Magazine May 17, 2010, Issue

A Government without Bounds

A young Oklahoma mother, aged 18, penniless, stranded in Imperial Valley, Callifornia, March, 1937. (National Archives and Records Administration/Franklin D. Roosevelt Presidential Library and Museum/Reuters/Handout)
Never Enough: America’s Limitless Welfare State, by William Voegeli (Encounter, 280 pp., $23.95)

William Voegeli believes in the power of the simple question. Voegeli is one of conservatism’s best contemporary writers on the topics of liberals and the welfare state, and he notes that the former have a long history of insisting that the latter is too small, too miserly, too inadequate. His new book begins by asking: What would count as enough? “All the bitter accusations about the insufficiency of our social programs must point to a criterion of sufficiency, defining a completely adequate welfare state.”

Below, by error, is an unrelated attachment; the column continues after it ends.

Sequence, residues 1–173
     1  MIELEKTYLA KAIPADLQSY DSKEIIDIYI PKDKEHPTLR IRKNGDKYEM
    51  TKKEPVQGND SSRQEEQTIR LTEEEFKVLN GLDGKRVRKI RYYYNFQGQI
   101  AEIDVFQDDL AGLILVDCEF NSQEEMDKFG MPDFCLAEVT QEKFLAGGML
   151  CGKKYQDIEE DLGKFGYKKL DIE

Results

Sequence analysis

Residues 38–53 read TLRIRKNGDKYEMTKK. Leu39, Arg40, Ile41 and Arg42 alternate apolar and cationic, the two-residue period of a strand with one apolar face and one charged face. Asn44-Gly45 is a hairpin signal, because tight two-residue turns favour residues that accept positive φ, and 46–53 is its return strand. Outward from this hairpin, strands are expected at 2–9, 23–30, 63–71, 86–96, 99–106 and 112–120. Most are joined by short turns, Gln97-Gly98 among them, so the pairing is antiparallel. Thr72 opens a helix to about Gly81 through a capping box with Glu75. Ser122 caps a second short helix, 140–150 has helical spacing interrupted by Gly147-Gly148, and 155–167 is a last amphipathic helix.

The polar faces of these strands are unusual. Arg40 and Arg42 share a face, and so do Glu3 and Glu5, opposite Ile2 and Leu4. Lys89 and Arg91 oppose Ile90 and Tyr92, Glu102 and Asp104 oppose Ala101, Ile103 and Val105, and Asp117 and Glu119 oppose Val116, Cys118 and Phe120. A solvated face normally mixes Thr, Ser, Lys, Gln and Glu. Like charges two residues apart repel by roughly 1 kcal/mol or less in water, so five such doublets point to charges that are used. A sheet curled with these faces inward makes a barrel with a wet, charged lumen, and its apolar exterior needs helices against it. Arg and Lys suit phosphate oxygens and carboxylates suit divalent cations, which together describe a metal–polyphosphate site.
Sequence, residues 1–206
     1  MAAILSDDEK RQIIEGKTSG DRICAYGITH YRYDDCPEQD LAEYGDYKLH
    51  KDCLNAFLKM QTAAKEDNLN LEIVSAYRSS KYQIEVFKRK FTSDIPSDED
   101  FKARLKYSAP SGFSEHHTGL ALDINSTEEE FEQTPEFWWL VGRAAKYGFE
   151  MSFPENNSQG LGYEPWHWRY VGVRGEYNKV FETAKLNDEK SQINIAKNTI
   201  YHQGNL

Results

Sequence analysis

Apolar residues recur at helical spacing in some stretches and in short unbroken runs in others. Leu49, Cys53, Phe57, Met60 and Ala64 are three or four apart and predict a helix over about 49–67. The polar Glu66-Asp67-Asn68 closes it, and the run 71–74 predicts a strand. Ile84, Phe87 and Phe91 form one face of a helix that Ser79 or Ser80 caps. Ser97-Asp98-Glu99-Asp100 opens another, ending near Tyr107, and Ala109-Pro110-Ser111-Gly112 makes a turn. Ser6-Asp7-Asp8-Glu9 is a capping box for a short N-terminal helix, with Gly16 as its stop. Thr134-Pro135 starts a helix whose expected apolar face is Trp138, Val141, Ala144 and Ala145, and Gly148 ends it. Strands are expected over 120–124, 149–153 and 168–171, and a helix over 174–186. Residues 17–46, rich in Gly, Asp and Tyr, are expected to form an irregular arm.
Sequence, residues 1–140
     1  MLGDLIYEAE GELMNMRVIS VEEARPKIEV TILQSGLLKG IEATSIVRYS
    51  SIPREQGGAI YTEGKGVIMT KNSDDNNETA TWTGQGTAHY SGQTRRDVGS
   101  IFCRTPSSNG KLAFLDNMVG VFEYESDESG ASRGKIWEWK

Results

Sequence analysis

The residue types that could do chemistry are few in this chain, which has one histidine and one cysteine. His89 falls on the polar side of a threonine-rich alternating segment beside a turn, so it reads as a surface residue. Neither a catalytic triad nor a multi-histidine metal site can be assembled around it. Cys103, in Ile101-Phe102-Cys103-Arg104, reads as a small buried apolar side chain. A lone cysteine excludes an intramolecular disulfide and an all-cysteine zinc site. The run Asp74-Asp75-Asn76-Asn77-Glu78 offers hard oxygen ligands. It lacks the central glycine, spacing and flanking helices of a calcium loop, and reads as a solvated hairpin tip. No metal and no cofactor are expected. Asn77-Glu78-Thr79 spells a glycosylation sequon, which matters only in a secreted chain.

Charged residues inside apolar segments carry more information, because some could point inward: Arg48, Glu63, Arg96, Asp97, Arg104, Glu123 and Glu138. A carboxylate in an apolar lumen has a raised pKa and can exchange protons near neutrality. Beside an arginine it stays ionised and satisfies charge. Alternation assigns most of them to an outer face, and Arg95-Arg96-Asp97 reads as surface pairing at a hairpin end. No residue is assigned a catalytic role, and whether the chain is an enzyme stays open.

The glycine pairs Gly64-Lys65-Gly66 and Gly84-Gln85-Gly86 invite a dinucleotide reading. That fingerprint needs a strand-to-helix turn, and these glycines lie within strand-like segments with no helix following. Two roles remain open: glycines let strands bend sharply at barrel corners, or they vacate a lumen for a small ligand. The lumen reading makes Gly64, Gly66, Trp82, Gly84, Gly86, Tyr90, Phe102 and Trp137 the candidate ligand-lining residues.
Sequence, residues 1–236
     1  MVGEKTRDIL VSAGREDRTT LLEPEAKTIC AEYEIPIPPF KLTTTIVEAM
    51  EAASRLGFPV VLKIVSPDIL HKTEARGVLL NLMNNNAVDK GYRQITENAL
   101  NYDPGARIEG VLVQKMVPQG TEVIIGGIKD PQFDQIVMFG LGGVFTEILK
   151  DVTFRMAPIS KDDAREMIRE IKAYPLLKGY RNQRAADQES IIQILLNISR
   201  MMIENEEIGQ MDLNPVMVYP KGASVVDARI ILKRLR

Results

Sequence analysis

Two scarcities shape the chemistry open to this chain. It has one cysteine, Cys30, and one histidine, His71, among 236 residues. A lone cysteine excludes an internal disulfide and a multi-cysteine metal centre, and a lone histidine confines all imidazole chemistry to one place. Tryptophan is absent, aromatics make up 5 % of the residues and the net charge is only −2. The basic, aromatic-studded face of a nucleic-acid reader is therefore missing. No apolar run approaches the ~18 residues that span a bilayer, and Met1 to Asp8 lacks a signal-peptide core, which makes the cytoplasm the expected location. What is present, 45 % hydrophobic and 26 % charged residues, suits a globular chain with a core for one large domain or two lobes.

Except that, he discovers, they don’t. Liberalism has no such “limiting principle.” Its agenda, like that of …

Ramesh Ponnuru is a senior editor for National Review, a columnist for Bloomberg Opinion, a visiting fellow at the American Enterprise Institute, and a senior fellow at the National Review Institute.

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Even if the new law does not work against illegals, maybe it will keep liberals out of Arizona.

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